#Article (Archive)

Gambia River Basin Cashew Value Chain Enhancement Project (CEP)

Feb 4, 2009, 7:05 AM

The American Embassy in The Gambia, in collaboration with the U.S. Department of Agriculture's Foreign Agricultural Service (USDAIFAS), the GOTG's Department of State for Agriculture, and Department of State for Forestry and The Environment, are proud to announce the commencement of a Food for Progress initiative designed to improve the income gained from the production and processing of cashew in The Gambia River Basin. Working through a US based NGO called International Relief and Development (IRD), the program is designed to increase the livelihoods of rural Gambians involved in the cashew trade. Given the high potential for cashews in the sub-region, the program will work with farmer's organizations, processors, and traders in the Casamance region of Senegal and Northern Guinea Bissau, as well as the South Bank of The Gambia.

International Relief and Development (IRD) is a charitable, non-profit, international nongovernmental organization (NGO) dedicated to improving lives and building livelihoods among people in the most economically deprived parts of the world. IRD, a non-political and non-sectarian organization, provides more than US $150 million annually in humanitarian assistance and works in more than 20 countries around the world.

The goal of The Gambia River Basin Cashew Value Chain Enhancement Project (CEP) is to enable 59,000 cashew farmers to maximize returns from cashew production and improve their livelihoods in the targeted regions of The Gambia, Senegal, and Guinea Bissau. This will be achieved by increasing the competitiveness of the sub-regional cashew value chain. The key activities for the program will revolve around 1) Organizational Strengthening of Cashew Producers and Processors: Strengthening the organizational and entrepreneurial capacities of cashew farmers and their associations for greater control and management of cashew production, processing, and marketing; 2) Improved Cashew Production Practices: Increase productivity and quality of raw cashew nuts via the introduction and widespread use of higher yielding cashew varieties and innovative agronomic, environmental management, and post-harvest practices; and, 3) Value Added to Cashew: Expand capabilities for value addition to cashew apple and nut, and promoting increased domestic consumption as an avenue to diversify market outlets.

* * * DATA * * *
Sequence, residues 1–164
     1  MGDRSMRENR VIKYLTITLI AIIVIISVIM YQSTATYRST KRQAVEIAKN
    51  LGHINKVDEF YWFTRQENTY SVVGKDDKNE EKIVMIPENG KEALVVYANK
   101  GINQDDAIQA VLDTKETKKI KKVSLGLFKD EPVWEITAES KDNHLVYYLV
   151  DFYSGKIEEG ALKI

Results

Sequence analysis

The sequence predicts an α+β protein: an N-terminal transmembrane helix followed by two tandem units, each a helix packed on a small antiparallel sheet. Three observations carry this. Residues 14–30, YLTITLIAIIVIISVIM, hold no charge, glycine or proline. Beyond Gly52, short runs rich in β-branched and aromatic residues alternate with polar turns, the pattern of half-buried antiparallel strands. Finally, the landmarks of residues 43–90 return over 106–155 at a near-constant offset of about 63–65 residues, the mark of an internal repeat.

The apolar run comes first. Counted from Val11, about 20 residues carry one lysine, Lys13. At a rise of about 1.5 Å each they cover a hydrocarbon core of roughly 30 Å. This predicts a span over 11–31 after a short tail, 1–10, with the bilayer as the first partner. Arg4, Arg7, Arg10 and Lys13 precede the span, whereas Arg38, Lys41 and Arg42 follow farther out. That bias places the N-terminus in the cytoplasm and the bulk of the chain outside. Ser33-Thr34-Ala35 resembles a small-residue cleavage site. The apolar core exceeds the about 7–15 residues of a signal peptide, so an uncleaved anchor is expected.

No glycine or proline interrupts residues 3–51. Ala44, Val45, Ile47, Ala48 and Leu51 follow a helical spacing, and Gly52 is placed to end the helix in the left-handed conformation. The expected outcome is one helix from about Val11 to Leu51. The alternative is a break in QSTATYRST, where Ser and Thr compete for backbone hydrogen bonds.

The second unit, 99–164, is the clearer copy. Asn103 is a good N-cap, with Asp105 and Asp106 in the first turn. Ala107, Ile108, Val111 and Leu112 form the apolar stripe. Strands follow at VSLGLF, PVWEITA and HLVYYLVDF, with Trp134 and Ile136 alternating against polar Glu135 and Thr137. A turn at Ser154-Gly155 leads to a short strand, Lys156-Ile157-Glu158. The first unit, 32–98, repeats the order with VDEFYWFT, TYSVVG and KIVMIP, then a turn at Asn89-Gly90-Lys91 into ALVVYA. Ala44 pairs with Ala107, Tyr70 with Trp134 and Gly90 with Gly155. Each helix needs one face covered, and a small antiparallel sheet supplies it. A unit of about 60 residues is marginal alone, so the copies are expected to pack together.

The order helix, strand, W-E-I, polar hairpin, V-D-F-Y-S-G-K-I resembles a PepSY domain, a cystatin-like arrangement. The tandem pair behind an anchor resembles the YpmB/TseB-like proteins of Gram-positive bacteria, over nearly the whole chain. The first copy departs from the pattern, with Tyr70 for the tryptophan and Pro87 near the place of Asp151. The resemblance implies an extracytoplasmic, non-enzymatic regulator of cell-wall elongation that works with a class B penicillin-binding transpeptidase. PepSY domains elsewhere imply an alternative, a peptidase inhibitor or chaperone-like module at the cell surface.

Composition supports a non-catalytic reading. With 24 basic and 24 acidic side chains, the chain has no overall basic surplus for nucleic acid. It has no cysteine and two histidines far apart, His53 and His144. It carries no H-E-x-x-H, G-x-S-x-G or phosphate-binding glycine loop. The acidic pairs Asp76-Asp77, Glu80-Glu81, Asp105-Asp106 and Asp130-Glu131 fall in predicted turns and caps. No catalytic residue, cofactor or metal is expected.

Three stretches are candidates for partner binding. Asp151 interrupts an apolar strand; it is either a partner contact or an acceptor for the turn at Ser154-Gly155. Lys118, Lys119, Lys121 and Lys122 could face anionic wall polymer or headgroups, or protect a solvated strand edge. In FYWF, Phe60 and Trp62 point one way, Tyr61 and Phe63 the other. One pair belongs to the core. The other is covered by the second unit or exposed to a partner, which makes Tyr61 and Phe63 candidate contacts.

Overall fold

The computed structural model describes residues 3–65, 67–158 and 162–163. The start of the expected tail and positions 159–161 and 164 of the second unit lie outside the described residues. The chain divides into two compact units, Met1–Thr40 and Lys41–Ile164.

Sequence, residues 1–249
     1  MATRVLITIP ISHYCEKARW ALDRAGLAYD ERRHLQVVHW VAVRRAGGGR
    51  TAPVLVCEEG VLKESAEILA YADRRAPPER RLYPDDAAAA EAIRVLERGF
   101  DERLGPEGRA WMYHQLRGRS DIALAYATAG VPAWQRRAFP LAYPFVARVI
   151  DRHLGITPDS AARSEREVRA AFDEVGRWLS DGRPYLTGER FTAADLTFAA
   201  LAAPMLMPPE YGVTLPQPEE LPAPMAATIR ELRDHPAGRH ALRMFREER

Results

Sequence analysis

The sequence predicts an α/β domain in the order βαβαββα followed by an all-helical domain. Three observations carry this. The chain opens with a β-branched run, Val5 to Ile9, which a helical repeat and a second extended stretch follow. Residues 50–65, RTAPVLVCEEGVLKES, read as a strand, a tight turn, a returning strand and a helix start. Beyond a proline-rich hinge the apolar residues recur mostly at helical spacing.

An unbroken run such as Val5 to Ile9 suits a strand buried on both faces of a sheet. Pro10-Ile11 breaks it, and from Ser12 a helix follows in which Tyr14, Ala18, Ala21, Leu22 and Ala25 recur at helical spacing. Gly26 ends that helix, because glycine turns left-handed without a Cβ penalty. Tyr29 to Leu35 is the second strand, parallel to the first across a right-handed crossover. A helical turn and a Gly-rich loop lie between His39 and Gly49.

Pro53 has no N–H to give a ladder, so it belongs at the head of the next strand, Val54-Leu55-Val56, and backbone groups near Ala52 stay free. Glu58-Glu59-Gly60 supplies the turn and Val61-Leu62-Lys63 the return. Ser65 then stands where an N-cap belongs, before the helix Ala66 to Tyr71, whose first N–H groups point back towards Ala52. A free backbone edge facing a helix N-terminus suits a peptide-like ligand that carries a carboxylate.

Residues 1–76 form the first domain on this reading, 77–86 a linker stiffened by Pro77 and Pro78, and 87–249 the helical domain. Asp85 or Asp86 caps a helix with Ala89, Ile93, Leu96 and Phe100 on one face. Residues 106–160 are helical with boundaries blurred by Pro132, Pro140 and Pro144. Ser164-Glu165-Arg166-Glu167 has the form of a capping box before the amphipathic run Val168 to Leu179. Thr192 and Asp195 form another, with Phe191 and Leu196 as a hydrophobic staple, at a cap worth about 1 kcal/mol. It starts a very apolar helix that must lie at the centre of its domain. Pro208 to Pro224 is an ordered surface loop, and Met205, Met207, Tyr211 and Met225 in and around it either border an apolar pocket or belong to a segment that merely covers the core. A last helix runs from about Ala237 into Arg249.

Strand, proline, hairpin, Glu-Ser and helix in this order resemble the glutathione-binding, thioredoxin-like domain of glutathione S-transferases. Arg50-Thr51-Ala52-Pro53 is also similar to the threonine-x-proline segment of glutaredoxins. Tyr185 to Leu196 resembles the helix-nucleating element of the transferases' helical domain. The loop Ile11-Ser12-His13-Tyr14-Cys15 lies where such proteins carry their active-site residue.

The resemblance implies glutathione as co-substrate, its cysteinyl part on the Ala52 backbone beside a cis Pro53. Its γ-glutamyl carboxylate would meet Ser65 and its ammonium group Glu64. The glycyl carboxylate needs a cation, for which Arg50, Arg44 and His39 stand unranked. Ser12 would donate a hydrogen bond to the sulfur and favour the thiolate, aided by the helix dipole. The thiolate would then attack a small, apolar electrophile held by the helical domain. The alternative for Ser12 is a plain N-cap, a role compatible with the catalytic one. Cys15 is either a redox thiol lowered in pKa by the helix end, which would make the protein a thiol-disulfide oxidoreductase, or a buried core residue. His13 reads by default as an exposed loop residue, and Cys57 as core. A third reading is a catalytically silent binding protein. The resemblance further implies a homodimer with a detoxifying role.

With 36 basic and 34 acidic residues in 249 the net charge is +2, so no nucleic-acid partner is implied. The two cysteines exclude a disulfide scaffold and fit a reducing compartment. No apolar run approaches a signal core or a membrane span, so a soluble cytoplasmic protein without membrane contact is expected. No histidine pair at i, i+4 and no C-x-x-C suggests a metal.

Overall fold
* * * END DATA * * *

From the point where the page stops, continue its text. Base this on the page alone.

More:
Expected to run for three years, the CEP will be made possible through the monetization of US refined soy oil in The Gambia, raising an estimated US$6 million for program funds. The benefits of CEP are anticipated to reach 60,000 direct beneficiaries and 413,000 indirect beneficiaries. Efforts will start with farmers who currently own and manage their own cashew plantations, either as a privately owned farm or as a communal holding. The poorest cashew farmers will be a priority, as will women's groups.

This unique program will link up with tested and established initiatives and networks in the sub region, such as The Gambia River Basin Development Organization (OMVG), USAID/Senegal's Programme Croissance Economique, and the USAID sponsored African Cashew Alliance (ACA), and West Africa Trade Hub. In The Gambia, IRD will work closely with local organizations such as the National Cashew Farmers Association and the National Farmers Platform. Likewise, farmers groups will be a focal point in Senegal and Guinea Bissau where the Association de Jeunes Agriculteurs de Ia Casamance (Senegal), and Cooperativea Lampada do Campo dos Agricultores (Guinea Bissau) will be involved.